chronic bleed is more hypoechoic. The bleed may be retroplacental or subchorionic. Careful
analysis should be made from the normal villus attachment of the placenta to the uterine wall
from an abnormal collection of blood secondary to hemorrhage.
Intervillous Thrombosis The presence of thrombus within the intervillous spaces occurs in one
third of pregnancies. It results from intraplacental hemorrhage caused by breaks in the villous
capillaries. Usually there is little risk to the fetus although the condition is associated with Rh
sensitivity and elevated AFP levels from a fetal-maternal hemorrhage. On ultrasound, sonolucent
lucencies are seen within the homogeneous texture of the placenta. These lucencies increase
with advanced gestational age and indicate maturity of the placenta.

Placenta Infarcts Infarcts are common, found in 25% of pregnancies, and are usually small with
no clinical significance. Large infarcts may reflect underlying maternal vascular disease.

Placental Tumors
Gestational Trophoblastic Disease This disease is commonly known as "molar" pregnancy and
is found in 1/1200 pregnancies. There are three groups of molar pregnancy: complete mole (may
develop into choriocarcinoma), partial or incomplete mole, and coexistent mole and fetus. Clinical
symptoms include extreme nausea and vomiting (from elevated levels of hCG), vaginal bleeding,
uterine size larger than dates, and preeclampsia. In this group, 15-25% will develop malignant
gestational trophoblastic disease (choriocarcinoma).

Ultrasound Findings The sonogram shows uterine size larger than dates, no identifiable fetal
parts, inhomogeneous texture of the placenta that represent the multiple vesicular changes
throughout the placenta. Bilateral theca luetin cysts are seen in the ovaries secondary to the
hyperstimulation of the elevated hCG.

A partial mole carries little malignant potential. It is associated with an abnormal fetus or fetal
tissue. On ultrasound a reduced amount of amniotic fluid is noted without defined fetal parts. The
placenta is thick with multiple intraplacental cystic spaces.

A coexistant mole and fetus is very rare; the mole may result from a hydatidiform degeneration of
a twin fetus. This condition is more likely when two placentas are present. The abnormal placenta
is hyperechoic with multiple small cysts. The coexisting fetus is live with a normal placenta.

Chorioangioma Second to trophoblastic disease, chorioangioma is the most common "tumor" of


the placenta, occuring in 1% of pregnancies. It consists of a benign proliteration of fetal vessels;
the majority are capillary hemangiomas that arise beneath the chorionic plate. Complications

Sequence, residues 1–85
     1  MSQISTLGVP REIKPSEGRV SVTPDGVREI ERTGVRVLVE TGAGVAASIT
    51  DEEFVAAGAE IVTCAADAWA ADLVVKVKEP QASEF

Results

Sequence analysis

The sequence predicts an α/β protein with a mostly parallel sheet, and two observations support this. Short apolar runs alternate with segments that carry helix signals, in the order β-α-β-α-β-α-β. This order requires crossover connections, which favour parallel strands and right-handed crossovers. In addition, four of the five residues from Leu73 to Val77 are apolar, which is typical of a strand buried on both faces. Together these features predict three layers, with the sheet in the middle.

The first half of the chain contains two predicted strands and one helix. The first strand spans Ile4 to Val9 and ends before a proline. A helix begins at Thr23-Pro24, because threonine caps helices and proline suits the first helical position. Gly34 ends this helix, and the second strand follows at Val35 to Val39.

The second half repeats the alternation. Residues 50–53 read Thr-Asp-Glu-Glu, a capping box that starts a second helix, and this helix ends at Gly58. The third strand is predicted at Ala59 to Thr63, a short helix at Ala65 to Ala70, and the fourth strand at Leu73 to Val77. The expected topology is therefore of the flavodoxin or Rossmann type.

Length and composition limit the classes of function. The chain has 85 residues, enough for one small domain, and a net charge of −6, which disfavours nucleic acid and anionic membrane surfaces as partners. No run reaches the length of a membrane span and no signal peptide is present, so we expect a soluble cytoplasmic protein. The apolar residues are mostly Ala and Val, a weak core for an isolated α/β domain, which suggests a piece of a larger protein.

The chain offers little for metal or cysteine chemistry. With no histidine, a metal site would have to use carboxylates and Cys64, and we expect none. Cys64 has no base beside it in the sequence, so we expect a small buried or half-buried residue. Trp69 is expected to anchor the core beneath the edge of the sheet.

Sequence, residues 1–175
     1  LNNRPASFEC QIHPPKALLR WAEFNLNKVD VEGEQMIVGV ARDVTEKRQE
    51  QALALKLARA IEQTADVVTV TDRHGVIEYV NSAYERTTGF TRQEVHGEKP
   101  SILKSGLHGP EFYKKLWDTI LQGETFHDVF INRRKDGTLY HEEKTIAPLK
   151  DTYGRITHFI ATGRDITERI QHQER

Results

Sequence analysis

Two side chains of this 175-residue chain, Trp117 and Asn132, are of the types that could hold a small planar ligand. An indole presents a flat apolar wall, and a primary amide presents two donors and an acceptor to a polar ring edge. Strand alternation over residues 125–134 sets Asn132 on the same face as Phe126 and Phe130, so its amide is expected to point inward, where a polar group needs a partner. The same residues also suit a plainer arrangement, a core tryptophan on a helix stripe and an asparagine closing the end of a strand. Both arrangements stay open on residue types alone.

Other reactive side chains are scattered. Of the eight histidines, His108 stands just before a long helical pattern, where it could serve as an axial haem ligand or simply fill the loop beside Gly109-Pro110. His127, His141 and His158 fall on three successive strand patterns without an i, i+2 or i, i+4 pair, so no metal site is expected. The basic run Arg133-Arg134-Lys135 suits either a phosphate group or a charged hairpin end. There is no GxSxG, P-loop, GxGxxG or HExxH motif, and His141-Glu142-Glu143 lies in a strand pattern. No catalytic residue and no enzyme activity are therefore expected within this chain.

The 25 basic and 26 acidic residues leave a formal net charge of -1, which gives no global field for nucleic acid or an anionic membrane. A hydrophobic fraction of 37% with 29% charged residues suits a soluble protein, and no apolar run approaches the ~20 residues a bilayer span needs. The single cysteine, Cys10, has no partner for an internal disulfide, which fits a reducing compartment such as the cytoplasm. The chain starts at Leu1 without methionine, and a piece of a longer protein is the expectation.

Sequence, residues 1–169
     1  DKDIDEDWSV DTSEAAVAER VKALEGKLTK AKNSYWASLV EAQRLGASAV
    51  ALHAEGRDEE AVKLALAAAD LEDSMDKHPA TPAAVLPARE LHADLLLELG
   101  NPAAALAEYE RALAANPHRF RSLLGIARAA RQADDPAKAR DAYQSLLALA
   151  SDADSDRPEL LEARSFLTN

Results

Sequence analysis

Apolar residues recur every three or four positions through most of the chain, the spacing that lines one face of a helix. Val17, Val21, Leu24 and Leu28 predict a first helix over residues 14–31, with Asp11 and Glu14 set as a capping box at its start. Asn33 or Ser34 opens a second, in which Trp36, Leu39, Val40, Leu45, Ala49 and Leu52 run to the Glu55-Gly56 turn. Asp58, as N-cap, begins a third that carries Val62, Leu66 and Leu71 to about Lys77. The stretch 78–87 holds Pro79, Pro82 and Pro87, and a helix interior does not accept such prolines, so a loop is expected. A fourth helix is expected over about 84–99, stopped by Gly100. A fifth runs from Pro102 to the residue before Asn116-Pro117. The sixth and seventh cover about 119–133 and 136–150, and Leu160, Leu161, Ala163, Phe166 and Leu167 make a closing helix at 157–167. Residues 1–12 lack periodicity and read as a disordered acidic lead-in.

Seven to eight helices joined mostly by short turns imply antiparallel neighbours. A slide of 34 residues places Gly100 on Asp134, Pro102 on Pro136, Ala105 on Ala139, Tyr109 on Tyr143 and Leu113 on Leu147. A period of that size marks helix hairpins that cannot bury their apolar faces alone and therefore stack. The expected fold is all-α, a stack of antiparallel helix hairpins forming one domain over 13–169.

include polyhydramnios, premature labor, fetal hydrops, fetal cardiomegaly, intrauterine growth
retardation, and fetal demise. The maternal serum AFP may be elevated.

Ultrasound Findings Ultrasound shows a circumscribed solid or complex mass that protrudes
from the fetal surface of the placenta. It may be located near the umbilical cord site. The
sonographer should look for polyhydramnios and fetal hydrops.

The Placenta In Multiple Gestation


Monozygotic twins are associated with all three types of membranes: dichorionic/diamniotic,
monochorionic/diamniotic, or monochorionic/monoamniotic depending on when during gestation
the twinning event occurred. If the membranes are di/di, the pregnancy is probably dizygotic (97%
chance) with only a 3% chance it is a monozygotic pregnancy. If the membranes are mo/di or
mo/mo, then they have to be from a monozygotic pregnancy.

Multiple Gestation Pregnancies And Placentas

Dizygotic (fraternal twins): derived from two zygotes


Diamniotic / dichorionic / two placentas
Occurs during first four days of gestation

Monozygotic (identical twins): dervied from one zygote


a) Monochorionic / diamniotic / one placenta
Occurs during first week of gestation
b) Monochorionic / monoamniotic / one placenta
Occurs during second week of gestion

Risks Involved:

Monochorionic: placental vascular anastomosis


Monoamniotic: entanglement of umbilical cord

Summary

The understanding of the embryogenesis of the placenta, cord, yolk sac, and fetal membranes is
important for the sonographer to evaluate the growth of the embryo and the placenta. During the
first trimester of pregnancy, the gestational sac should be evaluated with an endovaginal
transducer to adequately define the amniotic and chorionic membranes, the yolk sac, the
placental development, and the embryo. The texture of the placenta may be evaluated in the
second and third trimesters with the use of transabdominal techniques to include realtime, color
flow Doppler and power angio. The sonographer's understanding of the pathophysiology that may
affect the placenta and the fetus is critical for the management of the obstetrical patient.